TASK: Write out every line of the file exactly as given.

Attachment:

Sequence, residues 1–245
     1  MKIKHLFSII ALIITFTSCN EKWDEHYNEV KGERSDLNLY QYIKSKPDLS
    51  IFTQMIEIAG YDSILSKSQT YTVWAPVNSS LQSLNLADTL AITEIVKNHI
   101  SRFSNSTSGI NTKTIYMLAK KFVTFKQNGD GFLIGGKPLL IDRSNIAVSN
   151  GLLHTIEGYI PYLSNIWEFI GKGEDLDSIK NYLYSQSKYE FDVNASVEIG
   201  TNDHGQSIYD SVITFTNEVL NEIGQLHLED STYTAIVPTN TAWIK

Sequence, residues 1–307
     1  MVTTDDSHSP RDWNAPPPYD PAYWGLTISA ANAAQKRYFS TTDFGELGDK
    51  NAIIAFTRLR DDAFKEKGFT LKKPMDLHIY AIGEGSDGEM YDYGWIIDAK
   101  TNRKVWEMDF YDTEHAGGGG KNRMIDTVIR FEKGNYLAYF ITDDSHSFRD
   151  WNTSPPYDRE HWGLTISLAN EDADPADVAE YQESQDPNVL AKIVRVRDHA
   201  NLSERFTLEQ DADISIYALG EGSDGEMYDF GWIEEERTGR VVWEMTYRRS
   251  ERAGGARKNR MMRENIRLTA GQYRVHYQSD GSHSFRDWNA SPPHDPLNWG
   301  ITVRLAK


Sequence, residues 1–245
     1  MKIKHLFSII ALIITFTSCN EKWDEHYNEV KGERSDLNLY QYIKSKPDLS
    51  IFTQMIEIAG YDSILSKSQT YTVWAPVNSS LQSLNLADTL AITEIVKNHI
   101  SRFSNSTSGI NTKTIYMLAK KFVTFKQNGD GFLIGGKPLL IDRSNIAVSN
   151  GLLHTIEGYI PYLSNIWEFI GKGEDLDSIK NYLYSQSKYE FDVNASVEIG
   201  TNDHGQSIYD SVITFTNEVL NEIGQLHLED STYTAIVPTN TAWIK

Sequence, residues 1–307
     1  MVTTDDSHSP RDWNAPPPYD PAYWGLTISA ANAAQKRYFS TTDFGELGDK
    51  NAIIAFTRLR DDAFKEKGFT LKKPMDLHIY AIGEGSDGEM YDYGWIIDAK
   101  TNRKVWEMDF YDTEHAGGGG KNRMIDTVIR FEKGNYLAYF ITDDSHSFRD
   151  WNTSPPYDRE HWGLTISLAN EDADPADVAE YQESQDPNVL AKIVRVRDHA
   201  NLSERFTLEQ DADISIYALG EGSDGEMYDF GWIEEERTGR VVWEMTYRRS
   251  ERAGGARKNR MMRENIRLTA GQYRVHYQSD GSHSFRDWNA SPPHDPLNWG
   301  ITVRLAK